The typhoon made landfall at 1.40am local time (8.40am BST) on Saturday, September 15 in Baggao, Cagayan.
As torrential rain and severe winds lashed the northernmost part of the Philippines, news came of two victims of the storm.
Both of those killed were women, their deaths the result of rain-sodden hillside collapsing, according to news agency AFP.
You can find all the latest images from Typhoon Mangkhut here as the storm hits today.
Philippine state weather agency PAGASA have since downgraded the domestic threat level, but have warned the danger was far from over.
Continued storm surges and torrential rainfall could trigger floods and more landslides.
Three dams have been opened in the worst-hit area of Luzon, to release water following persistent heavy rainfall.
PAGASA meteorologist Rene Paciente said: ”We are asking the people to remain alert and continue taking precautions.”
Mangkhut, known locally as Ompong, has been described by the World Meteorological Organisation as the strongest tropical cyclone the world has faced so far this year.
Images from the Philippines show houses ripped apart by the 200mph winds, with debris littering the streets.
Residents have taken to beaches to forage for any recyclable materials that may have washed ashore, but in doing so face battling mountainous waves.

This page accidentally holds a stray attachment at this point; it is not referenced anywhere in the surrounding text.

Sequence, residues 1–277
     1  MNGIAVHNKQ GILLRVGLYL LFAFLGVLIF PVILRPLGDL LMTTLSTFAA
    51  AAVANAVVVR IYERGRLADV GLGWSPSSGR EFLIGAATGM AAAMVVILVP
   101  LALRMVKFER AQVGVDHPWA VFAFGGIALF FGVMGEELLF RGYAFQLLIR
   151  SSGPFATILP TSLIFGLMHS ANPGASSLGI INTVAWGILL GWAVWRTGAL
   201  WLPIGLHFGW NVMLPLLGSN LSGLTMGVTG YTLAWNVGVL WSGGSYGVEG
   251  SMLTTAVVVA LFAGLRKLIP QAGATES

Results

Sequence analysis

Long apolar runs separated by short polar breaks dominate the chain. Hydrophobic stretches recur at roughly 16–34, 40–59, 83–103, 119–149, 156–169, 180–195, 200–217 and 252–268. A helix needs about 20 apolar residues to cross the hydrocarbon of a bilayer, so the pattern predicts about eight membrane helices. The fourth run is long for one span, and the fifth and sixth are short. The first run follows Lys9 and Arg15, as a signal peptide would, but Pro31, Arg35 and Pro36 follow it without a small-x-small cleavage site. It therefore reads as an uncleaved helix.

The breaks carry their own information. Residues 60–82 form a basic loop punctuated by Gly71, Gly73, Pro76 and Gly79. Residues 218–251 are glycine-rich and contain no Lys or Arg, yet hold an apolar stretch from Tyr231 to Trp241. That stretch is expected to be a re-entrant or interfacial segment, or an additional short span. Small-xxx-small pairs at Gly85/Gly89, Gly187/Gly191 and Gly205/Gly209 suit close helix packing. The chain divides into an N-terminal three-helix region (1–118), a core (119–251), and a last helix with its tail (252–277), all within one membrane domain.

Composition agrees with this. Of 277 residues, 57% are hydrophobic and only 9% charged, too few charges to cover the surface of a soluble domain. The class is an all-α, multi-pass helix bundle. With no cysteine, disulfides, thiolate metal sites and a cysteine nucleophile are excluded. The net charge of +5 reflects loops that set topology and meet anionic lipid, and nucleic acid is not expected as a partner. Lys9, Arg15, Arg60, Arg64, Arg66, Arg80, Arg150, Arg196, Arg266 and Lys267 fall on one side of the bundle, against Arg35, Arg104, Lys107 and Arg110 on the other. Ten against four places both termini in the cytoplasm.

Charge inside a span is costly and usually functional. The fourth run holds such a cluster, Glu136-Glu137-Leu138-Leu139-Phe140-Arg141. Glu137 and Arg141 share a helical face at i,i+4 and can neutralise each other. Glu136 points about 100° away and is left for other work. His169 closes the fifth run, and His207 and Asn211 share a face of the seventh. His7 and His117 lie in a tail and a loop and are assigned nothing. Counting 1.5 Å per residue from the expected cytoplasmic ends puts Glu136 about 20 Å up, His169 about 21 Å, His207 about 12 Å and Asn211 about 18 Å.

TYPHOON MANGKHUT PATH TRACKER LIVE: THOUSANDS EVACUATE — PHILIPPINES STRUCK BY 130MPH WINDS
Water has risen up to waist height and is running through the streets, with trees strewn across roads in some areas.
More than 105,000 people have been relocated to emergency shelters, as despite the storm moving fairly swiftly, storm surge warnings remain in place.
The storm conditions triggered by Mangkhut may remain until Monday.
The eye of Mangkhut is now over the South China Sea, as it continues on its path toward Hong Kong.
Updates from the Joint Typhoon Warning Center have measured wind speeds of 195mph with higher gusts.
Hong Kong is expected to start feeling strong winds and heavy rain today, growing in intensity as the storm draws ever closer.
Mangkhut is predicted to make landfall in Hong Kong on Sunday morning local time and then move to southern China on Sunday night.
In preparation for Mangkhut reaching China, flights have been cancelled and residents are being warned to prepare for severe weather conditions.
Mangkhut is expected to hit in the Chinese province of Guandong near the cities of Yangjiang and Zhanjiang.